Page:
State v. Hewitt, 126 NC App 366 (96-882) 05/20/1997 Link to original WordPerfect file

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NO. COA96-882

NORTH CAROLINA COURT OF APPEALS

Filed: 20 May 1997

STATE OF NORTH CAROLINA

v.

SAM HEWITT

    Appeal by defendant from judgment entered 18 March 1997 by Judge James R. Strickland in Onslow County Superior Court. Heard in the Court of Appeals 1 April 1997.

    Michael F. Easley, Attorney General, by David N. Kirkman, Assistant Attorney General, for the State.

    Jeffrey S. Miller for defendant.

    WYNN, Judge.

    On the night of 12 March 1994, defendant Sam Hewitt set a fire on a portion of his land near Hubert, North Carolina. The following morning, a large forest fire near the area burned by defendant consumed approximately 135 acres and traveled almost eight tenths of a mile. It took firefighters over five hours to subdue the blaze.

    Following the forest fire, defendant stated to Forest Service officials that he and his sons had been attempting a controlled burn and that they utilized pine branches to contain the fire. However, the record indicates that they failed to plow proper fire breaks around their burn site even though the Forest Service had previously given defendant a warning citation for a similar omission.

    The Forest Service cited defendant for starting a fire and failing to fully extinguish it in violation of N.C. Gen. Stat. § 14-138 (1993). After being tried and found guilty in Onslow County District Court, defendant appealed to Superior Court. When asked at his jury trial whether he had taken care to ensure his blaze was out before he left the scene, defendant testified that the fire went out somewhere between 12:00 midnight and 1:00 a.m. except for one stump, at which time he went home. The jury found defendant guilty and the trial court imposed a suspended thirty day jail sentence and required that he make restitution to the Forest Service. Defendant appealed to this Court.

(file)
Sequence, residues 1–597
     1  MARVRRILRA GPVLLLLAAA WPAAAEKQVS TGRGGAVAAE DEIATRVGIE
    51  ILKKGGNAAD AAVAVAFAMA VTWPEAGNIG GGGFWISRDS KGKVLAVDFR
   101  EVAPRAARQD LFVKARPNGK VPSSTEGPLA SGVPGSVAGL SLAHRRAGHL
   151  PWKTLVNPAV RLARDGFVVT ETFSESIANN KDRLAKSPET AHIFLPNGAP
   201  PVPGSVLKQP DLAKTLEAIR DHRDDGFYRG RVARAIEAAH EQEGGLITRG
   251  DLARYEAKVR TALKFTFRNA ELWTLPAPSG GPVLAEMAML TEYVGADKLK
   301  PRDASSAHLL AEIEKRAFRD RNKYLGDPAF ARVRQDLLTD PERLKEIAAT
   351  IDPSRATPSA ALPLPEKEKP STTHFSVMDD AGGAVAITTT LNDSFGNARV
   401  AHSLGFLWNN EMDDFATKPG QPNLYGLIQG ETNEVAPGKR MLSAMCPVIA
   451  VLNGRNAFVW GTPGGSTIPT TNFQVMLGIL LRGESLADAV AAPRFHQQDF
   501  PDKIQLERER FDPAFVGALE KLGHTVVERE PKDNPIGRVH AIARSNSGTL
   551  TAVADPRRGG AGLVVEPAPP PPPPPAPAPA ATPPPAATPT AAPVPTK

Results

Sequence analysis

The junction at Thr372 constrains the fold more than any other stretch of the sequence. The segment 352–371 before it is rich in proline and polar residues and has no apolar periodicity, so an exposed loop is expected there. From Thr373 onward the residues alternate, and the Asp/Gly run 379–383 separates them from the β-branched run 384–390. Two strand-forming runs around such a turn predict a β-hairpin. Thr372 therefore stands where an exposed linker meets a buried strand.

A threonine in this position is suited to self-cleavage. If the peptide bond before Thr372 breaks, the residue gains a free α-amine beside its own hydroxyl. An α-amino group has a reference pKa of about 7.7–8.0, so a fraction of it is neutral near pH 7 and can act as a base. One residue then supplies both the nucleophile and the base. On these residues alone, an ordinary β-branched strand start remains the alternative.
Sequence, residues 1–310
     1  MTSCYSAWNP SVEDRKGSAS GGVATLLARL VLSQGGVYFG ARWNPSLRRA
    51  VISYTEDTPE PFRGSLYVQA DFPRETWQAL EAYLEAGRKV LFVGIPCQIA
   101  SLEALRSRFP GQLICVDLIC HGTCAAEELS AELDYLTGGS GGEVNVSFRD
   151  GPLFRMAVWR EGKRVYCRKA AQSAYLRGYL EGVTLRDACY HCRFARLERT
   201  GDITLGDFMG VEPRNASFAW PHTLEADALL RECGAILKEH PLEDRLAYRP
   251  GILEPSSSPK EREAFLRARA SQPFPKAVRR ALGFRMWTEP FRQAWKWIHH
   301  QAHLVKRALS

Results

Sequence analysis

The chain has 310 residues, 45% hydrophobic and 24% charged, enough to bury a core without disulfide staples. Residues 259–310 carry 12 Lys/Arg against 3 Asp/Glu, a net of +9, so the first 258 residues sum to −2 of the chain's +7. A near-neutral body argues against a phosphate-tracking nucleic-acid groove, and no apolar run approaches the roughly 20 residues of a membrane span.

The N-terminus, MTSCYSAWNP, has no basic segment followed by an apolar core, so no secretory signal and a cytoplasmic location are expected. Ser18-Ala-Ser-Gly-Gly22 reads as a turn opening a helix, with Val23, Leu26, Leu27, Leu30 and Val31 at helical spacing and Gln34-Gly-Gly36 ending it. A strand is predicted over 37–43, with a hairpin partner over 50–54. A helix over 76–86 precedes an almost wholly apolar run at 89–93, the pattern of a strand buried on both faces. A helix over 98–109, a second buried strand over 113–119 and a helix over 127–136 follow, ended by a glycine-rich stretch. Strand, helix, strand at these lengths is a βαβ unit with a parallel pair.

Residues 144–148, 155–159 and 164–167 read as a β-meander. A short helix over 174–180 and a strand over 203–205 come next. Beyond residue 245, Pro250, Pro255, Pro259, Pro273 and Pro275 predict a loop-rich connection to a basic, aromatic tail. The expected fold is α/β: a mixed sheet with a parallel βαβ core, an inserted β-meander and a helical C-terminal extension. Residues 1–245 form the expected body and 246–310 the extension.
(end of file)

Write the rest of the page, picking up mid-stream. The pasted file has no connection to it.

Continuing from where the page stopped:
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    Defendant believes that he was improperly charged under N.C. Gen. Stat. § 14-138, which deals with, among other things, negligently causing a fire and failing to fully extinguish the same. He contends that he should have been charged under N.C. Gen. Stat. § 14-136 (1993) which addresses intentionally starting a fire and failing to extinguish it or control it before it reaches the land of adjoining property owners. Defendant bases his argument upon the fact that his fire was set deliberately rather than negligently, and therefore, the evidence could not support a charge resulting from a fire caused by negligence. We find defendant's contention to be without merit.     

    In ruling upon a motion to dismiss, the trial court has to consider the evidence in the light most favorable to the State and the State has to be given the benefit of every reasonable inference to be drawn therefrom. State v. Robbins, 309 N.C. 771, 775, 309 S.E.2d 188, 190 (1983).

    In the instant case, while defendant's first fire was set intentionally, it was the second fire, the large wildfire which defendant negligently caused by leaving a smoldering stump, which was the basis for his being charged and convicted under N.C.G.S. § 14-138. Thus, while a violation of N.C.G.S. § 14-136 arguably could have been charged under the circumstances, it was proper to charge and try defendant under this second statute.

    No error.

    Judges GREENE and TIMMONS-GOODSON concur.

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